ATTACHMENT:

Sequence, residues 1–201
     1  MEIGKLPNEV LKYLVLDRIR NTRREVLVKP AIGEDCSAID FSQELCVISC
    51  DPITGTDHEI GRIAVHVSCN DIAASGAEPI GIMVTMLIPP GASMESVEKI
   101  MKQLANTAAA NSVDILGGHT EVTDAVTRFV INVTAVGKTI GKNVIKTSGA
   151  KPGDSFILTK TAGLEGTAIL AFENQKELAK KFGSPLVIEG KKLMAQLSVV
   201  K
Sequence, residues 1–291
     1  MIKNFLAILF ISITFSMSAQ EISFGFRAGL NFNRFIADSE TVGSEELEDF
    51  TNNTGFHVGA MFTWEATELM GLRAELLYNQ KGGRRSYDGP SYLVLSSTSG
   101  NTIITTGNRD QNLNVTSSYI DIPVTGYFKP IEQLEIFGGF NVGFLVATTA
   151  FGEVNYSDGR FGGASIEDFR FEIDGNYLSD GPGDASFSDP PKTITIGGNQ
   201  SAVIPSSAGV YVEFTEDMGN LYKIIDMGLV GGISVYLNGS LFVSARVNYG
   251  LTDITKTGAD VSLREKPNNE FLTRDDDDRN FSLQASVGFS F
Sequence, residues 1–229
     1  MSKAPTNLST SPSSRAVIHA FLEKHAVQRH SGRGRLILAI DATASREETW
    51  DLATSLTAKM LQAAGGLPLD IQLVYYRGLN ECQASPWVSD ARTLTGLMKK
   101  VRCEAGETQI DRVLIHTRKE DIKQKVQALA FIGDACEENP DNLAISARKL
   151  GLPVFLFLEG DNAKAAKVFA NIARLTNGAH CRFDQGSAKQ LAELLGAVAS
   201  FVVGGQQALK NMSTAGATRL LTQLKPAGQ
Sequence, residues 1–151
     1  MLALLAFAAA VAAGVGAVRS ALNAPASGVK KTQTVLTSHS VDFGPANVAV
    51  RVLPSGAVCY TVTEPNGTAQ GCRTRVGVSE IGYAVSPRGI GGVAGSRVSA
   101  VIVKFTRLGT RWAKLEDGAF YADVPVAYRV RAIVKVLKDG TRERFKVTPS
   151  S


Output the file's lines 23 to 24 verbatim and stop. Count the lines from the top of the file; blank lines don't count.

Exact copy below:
   101  VIVKFTRLGT RWAKLEDGAF YADVPVAYRV RAIVKVLKDG TRERFKVTPS
   151  S